Decolonial Daydreams │Taba Aiboli An exploration of the construction of female power Amongst the Lozi people

 

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dc.contributor.advisor Clarke, Yaliwe
dc.contributor.author Matakala, Chaze
dc.date.accessioned 2021-02-12T12:03:50Z
dc.date.available 2021-02-12T12:03:50Z
dc.date.issued 2020_
dc.identifier.citation Matakala, C. 2020. Decolonial Daydreams │Taba Aiboli An exploration of the construction of female power Amongst the Lozi people. . ,Faculty of Humanities ,African Studies. http://hdl.handle.net/11427/32837 en_ZA
dc.identifier.uri http://hdl.handle.net/11427/32837
dc.description.abstract This thesis offers an exploration of the construction of female power amongst the Lozi people of the western province of Zambia, also known as Barotseland. Colonial empirical texts, contemporary literature on Lozi social history, heritage and public culture gloss over the matriarchal roots of Lozi society, leading to the collective, individual and intellectual imperative of this study. Insights necessary for engagement point to the dynamic role of gender in the origin, enactment and preservation of the Lozi royal kinship structure. Building on existing work on the origins of the Lozi royal kinship and the shifts of power through the (post)colonial political periods, the main objective of this research project is to conduct qualitative research into the dynamic role of gender in Lozi society. Data was based on a review of literature on the Lozi people and semi-structured interviews with nine Key Informants in Barotseland who bear embodied knowledge on the ideology of the Lozi royal kinship structure and the sociocultural systems apparent in Lozi society. A qualitative thematic network data analysis demonstrated political motherhood as a mechanism to act as a balancing check on the patrilineal system. The cross-cutting theme of political motherhood across generations and gender is manifested in the roles of Natamoyo and Mukwae Ngula, who are the respective male and female Ministers of Justice. In addition to these roles which emerge from an operative ethic of communalism are the council of women known as Anatambumu. The findings of this research indicate that there are cohesive interacting sociocultural systems that are focused on the mother figure (matrifocal) and also endorsing descent through the male line (patrilineal). Moreover, analysis of the responses shows that there is a strong correlation between the physical geography of Barotseland and the divine ancestresses, Mbuyu and her mother Mwambwa. On this basis it is recommend that the effects of the integration of Barotseland into the postcolonial state of Zambia be studied further, especially as it pertains to political motherhood, marriage and systems of descent amongst the Lozi.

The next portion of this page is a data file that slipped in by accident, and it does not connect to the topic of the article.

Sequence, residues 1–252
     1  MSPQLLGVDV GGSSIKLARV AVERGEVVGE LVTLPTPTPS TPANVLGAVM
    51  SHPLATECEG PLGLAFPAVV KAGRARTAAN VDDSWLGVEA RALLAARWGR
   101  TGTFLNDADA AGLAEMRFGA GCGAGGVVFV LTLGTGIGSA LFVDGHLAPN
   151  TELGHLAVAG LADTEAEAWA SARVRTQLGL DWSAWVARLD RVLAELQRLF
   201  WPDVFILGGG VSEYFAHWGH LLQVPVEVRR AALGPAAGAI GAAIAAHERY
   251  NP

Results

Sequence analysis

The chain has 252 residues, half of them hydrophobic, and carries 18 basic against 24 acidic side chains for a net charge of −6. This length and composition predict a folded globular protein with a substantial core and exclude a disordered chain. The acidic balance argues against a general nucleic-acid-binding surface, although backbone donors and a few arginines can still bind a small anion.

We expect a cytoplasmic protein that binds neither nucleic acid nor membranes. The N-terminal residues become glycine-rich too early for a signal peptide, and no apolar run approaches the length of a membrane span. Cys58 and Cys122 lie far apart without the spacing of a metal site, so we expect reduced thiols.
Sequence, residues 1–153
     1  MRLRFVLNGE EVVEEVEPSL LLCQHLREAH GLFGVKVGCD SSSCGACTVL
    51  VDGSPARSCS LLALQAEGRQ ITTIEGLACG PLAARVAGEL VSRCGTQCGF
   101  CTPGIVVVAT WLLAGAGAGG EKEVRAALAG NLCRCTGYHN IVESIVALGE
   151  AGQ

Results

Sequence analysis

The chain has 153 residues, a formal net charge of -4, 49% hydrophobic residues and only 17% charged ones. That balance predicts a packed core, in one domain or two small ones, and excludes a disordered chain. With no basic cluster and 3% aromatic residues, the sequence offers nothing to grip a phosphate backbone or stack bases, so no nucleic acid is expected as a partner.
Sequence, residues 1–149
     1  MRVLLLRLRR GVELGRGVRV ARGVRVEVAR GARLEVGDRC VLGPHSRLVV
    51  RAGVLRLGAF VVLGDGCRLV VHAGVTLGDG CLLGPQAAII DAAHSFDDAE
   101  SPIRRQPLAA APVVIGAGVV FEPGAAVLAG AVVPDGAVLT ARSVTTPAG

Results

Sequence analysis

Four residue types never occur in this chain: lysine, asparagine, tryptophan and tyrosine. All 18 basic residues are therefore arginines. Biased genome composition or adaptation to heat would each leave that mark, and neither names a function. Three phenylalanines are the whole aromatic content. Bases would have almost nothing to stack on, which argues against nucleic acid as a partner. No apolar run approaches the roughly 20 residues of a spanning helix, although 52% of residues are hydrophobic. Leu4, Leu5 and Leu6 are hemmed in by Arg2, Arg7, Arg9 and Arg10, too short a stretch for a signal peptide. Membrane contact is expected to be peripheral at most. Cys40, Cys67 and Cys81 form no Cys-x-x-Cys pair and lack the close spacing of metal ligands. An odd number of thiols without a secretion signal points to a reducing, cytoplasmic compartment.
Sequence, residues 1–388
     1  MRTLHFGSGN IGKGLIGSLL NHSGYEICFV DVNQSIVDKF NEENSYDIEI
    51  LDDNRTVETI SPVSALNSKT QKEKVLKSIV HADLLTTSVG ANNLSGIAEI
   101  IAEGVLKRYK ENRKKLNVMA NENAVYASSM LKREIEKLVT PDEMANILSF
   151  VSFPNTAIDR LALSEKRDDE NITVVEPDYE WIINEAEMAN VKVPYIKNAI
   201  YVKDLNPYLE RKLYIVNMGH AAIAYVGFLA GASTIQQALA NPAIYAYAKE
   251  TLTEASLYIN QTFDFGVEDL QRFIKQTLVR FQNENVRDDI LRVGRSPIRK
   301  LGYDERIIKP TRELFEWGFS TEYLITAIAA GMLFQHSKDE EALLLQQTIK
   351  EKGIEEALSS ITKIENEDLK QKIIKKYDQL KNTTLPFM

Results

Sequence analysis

dc.subject African Studies
dc.title Decolonial Daydreams │Taba Aiboli An exploration of the construction of female power Amongst the Lozi people
dc.type Master Thesis
dc.date.updated 2021-02-12T04:46:20Z
dc.language.rfc3066 eng
dc.publisher.faculty Faculty of Humanities
dc.publisher.department African Studies
dc.type.qualificationlevel Masters
dc.type.qualificationlevel MPhil
dc.identifier.apacitation Matakala, C. (2020). <i>Decolonial Daydreams │Taba Aiboli An exploration of the construction of female power Amongst the Lozi people</i>. (). ,Faculty of Humanities ,African Studies. Retrieved from http://hdl.handle.net/11427/32837 en_ZA